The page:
This release by Boston string orchestra A Far Cry is ecumenical in intent, with a pair of pieces involving Christian spirituality bookending works of Islamic and Jewish origin. It doesn't work particularly well in fulfilling that intention; the works involved are too specific, personal, and even idiosyncratic to be representative of religious traditions, or even of the idea of spirituality itself. The album works better in pieces, however. A Far Cry is a virtuoso group of young string players who can do different kinds of music well, and they sound terrific. The "Heiliger Dankgesang" slow movement of Beethoven's String Quartet No. 15 in A minor, Op. 132, has rarely or never been played by a string orchestra, and that's a mystery: it loses none of its power this way, unlike the spiky Grosse Fuge, Op. 133. Likewise the "Jewish" work, Osvaldo Golijov's The Dreams & Prayers of Isaac the Blind, one of the pieces that put this Argentine composer on the map when klezmer clarinetist David Krakauer played it with the Kronos Quartet; the arrangement for clarinet and orchestra here, by Golijov himself, if anything heightens the klezmer elements. Perhaps the most interesting pieces is Vecd, a work commissioned by A Far Cry from Turkish American composer Mehmet Ali Sanlikol. This piece draws inspiration from the tradition of the so-called whirling dervishes, but partially replaces Near Eastern elements with American jazz. It's probably going to be very much like nothing one has heard before. The album as a whole may not be everyone's cup of tea, but it is both original and beautifully executed.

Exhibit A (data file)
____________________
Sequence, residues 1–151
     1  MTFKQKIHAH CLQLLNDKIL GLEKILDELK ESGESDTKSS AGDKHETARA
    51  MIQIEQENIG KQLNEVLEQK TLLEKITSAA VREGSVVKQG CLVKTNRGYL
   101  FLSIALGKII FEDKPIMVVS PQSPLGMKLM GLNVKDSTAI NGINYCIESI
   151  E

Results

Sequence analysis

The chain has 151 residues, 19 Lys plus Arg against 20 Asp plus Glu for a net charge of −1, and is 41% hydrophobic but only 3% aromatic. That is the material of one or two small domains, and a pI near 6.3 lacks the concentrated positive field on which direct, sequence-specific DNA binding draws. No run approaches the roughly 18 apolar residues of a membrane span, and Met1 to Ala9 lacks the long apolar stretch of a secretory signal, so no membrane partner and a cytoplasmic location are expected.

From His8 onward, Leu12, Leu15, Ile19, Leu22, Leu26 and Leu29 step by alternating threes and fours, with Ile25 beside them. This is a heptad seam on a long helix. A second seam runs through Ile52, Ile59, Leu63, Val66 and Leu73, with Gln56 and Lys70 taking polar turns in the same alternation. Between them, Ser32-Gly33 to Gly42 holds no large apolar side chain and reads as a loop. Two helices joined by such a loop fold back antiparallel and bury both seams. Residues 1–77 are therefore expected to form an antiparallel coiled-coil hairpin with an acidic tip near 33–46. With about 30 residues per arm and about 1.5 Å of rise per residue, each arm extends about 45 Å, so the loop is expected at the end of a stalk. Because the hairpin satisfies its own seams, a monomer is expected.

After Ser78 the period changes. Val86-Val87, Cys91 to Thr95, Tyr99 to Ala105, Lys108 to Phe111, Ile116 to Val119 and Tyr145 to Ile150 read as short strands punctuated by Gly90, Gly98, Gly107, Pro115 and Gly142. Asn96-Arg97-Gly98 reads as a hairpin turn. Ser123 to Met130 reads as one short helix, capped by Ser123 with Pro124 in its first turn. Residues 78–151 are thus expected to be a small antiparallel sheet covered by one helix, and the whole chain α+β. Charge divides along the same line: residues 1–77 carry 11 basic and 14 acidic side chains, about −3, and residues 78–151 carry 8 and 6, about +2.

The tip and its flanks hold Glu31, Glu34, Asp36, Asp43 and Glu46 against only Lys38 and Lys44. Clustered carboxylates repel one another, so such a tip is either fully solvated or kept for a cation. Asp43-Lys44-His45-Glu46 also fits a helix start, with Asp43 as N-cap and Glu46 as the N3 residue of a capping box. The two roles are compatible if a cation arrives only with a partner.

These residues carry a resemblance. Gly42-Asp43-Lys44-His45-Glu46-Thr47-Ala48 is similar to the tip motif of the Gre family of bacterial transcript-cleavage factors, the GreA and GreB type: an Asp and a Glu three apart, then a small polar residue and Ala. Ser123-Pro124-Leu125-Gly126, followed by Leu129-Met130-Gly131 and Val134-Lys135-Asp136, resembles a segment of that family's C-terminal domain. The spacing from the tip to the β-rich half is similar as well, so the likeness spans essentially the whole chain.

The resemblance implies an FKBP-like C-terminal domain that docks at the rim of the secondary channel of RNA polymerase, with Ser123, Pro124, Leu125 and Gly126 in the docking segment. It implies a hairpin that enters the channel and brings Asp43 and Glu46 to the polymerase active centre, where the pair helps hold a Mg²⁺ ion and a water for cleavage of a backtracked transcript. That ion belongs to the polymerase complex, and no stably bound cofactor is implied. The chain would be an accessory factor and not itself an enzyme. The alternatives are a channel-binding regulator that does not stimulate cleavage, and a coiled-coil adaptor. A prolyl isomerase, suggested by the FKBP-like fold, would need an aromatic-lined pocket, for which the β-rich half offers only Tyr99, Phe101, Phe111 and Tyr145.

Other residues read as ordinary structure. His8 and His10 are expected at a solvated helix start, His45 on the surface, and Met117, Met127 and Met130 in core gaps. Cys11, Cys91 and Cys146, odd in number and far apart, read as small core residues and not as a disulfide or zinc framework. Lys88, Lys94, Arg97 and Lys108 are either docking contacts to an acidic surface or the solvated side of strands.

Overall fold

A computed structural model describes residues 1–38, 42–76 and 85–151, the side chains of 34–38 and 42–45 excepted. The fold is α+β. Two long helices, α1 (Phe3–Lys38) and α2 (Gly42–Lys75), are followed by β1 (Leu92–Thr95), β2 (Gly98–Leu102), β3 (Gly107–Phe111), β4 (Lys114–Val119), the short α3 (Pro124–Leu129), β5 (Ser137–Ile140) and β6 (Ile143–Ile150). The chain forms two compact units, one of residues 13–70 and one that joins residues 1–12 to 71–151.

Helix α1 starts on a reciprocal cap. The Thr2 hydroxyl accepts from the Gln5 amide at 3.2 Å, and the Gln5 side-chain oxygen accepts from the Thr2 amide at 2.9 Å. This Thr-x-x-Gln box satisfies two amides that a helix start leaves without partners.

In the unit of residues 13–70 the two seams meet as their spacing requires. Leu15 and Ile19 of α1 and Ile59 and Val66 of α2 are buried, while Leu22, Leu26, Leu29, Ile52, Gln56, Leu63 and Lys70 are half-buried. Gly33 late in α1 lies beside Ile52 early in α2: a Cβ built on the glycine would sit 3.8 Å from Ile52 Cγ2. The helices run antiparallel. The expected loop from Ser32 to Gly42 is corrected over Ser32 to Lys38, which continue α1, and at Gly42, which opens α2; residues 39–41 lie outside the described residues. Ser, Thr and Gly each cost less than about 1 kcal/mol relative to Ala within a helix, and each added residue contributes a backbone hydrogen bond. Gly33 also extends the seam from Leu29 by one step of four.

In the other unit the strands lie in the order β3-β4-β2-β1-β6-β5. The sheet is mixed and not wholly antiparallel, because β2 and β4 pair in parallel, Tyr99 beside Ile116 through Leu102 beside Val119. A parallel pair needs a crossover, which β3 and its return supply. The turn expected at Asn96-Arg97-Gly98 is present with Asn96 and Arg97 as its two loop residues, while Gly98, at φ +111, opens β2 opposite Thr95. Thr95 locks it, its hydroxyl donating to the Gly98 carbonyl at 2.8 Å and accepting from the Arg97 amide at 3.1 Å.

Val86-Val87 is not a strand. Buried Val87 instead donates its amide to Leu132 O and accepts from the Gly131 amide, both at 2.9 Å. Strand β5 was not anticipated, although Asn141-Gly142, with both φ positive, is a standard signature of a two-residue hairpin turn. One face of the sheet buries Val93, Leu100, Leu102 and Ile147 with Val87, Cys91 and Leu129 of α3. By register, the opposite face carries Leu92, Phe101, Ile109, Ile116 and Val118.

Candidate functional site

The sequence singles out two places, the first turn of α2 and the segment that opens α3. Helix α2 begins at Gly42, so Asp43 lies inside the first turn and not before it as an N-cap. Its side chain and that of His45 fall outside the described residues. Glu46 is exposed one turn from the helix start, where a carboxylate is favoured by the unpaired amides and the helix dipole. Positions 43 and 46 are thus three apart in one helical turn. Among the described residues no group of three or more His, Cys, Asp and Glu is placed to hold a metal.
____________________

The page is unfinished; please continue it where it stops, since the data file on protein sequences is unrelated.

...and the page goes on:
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AllMusic Review by James Manheim
|The Dreams & Prayers of Isaac the Blind|
|Quartet, op. 132|